DEATHSPELL OMEGA – Synarchy of Molten Bones
The fifth full-length installment from the French avantgarde black death powerhouse Deathspell Omega (DO), largely brings no surprises. While they do not progress from their established trademark sound, the lateral linear approach to songwriting reveals a tendency to experiment with all they already had on their plate on their past 4 endeavors plus the few eps they released in between. Aside from one track which I describe in detail below, nothing here even touches either "Si Monvmentvm Reqvires, Cirmvmspice" or "Fas – Ite, Maledicti, In Ignem Aeternum" in sound or word, to say nothing of the masterful "Paracletus", but "Synarchy" is still head and shoulders above anything the band released prior to that trilogy, especially the painfully generic and extremely predictable first two albums, to say nothing of those asinine titles and likely lyrics. "Synarchy" is mostly keeping up the status quo delineated by the likes of "Paracletus" while offering a glimpse into where, should they choose to, DO may venture in progression next.
The album being merely a 4 track affair clocking inside 30 minutes, it barely passes for a full length, but the best, and longest craziest track on record, "On War Where Most With Ravin I May Meet" (whatever the hell that may mean) begins like Opeth’s "Heir Apparent" (Watershed album) 10+ of total avantgarde with ebbs and flows, is possibly their most ambitious song to date with quite a few distinct riff hooks such as the hip-hoppy/Obituary’94 around 3:03 or Dimmu Borgian touch around 4:54 complete with a creepy apocalyptic choir, jazzy melody around 7:05, pompously epic war beats around 7:55 with a Behemothian symphonic background and delicate pinch harmonics around 9:30 recalling the end of "Paracletus" album that here also ends the overture on a peaceful note, the quality of this track alone possibly justifying the short play time. The title track, alternating between Opeth (5:30), some almost Panteric thrashcore riffing that recalls Vision of Disorder (6:15) and its own patented very chaotic "industrial" dissonant "accidental" technical black metal, is actually a lot catchier than their past with a good cold sound, while "Famished For Breath" reveals underlying harmony and hooks once you get used to the chaotic violence and a beautiful mournful delicate melody (5:09) until the end. However, the closing "Internecine Latrogenesis", with its superfast Gorguts-like, no frills, guitars buzzing like a swarm of wasps, extremely brutal technicality a’la Hate Eternal "Fury & Flames" yet shortly calming down 30 seconds before the end wrapping up in the album in a manner of Behemoth’s "Blow Your Trumpets, Gabriel" ("The Satanist" album), frankly brings nothing new to the table whatsoever, and I would even go as far as to call it lazy, given the band’s ability, skills and their past accomplishments.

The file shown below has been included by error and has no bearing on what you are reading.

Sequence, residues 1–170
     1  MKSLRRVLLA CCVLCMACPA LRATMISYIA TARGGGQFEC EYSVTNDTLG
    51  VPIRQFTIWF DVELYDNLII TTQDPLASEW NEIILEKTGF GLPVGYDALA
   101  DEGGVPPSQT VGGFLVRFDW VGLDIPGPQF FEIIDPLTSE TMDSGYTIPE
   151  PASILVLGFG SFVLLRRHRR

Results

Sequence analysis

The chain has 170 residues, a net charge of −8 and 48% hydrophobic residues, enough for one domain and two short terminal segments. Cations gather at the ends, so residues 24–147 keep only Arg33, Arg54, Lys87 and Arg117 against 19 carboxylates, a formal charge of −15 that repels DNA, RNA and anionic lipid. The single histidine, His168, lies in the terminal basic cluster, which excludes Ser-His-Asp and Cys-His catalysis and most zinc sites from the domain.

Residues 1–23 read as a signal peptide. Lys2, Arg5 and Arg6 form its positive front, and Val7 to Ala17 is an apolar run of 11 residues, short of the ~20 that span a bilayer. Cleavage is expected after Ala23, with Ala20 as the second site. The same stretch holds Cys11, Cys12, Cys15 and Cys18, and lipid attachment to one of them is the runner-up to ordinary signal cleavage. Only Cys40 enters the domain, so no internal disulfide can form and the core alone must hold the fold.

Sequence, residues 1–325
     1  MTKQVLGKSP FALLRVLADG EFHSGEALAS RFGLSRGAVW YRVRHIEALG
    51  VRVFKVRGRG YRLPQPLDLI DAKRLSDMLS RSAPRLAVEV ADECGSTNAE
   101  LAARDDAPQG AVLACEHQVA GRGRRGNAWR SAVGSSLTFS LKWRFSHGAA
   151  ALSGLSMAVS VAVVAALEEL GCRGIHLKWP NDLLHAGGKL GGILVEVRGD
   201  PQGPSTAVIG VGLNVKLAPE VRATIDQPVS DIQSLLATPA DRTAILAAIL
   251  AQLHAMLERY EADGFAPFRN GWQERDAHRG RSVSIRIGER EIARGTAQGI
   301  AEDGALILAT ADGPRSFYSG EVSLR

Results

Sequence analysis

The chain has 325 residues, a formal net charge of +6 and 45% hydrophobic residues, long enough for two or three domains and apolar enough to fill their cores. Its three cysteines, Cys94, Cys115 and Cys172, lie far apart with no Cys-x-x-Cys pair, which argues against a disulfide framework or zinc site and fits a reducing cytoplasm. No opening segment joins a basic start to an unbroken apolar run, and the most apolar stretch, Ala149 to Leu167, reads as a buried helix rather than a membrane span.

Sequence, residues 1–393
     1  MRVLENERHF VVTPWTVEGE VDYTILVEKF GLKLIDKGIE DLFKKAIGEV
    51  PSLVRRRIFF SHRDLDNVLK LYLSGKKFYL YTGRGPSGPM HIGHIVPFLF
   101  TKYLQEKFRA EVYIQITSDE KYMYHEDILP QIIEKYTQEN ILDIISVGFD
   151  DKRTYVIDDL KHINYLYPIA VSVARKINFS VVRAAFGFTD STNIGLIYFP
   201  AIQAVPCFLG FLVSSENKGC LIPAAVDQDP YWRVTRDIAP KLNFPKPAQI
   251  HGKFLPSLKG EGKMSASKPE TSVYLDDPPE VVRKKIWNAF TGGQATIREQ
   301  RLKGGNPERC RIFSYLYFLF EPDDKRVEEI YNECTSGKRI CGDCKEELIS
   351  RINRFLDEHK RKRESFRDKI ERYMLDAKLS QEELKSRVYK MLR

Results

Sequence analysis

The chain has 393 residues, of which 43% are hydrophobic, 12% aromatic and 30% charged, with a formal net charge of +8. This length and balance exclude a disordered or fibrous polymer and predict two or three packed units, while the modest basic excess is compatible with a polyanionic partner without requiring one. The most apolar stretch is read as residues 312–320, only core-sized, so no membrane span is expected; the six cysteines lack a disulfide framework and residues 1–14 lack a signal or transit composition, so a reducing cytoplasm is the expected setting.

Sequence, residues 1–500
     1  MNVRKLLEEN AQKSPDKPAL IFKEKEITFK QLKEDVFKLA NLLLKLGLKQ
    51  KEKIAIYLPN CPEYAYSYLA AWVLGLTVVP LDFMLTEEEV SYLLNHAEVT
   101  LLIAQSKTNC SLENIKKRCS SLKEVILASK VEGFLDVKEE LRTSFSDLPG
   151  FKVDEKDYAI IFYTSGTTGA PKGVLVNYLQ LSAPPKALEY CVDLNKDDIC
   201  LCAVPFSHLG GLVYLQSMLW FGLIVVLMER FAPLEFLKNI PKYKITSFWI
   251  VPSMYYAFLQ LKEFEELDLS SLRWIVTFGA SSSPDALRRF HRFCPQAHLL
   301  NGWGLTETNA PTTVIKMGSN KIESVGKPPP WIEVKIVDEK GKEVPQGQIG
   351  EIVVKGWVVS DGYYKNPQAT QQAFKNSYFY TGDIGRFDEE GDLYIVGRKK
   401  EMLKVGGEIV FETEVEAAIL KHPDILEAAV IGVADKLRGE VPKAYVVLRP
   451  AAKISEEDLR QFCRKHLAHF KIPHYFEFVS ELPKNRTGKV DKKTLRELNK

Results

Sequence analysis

Not a huge fan of this band to begin with while very impressed by the aforementioned trilogy in terms of both music and the lyrical concept, I found "Synarchy" to be a mostly pleasant affair but I do hope also a prelude to a greater more mature and sophisticated offering. If so, then I think "On War" should set the stage and a blueprint for that endeavor.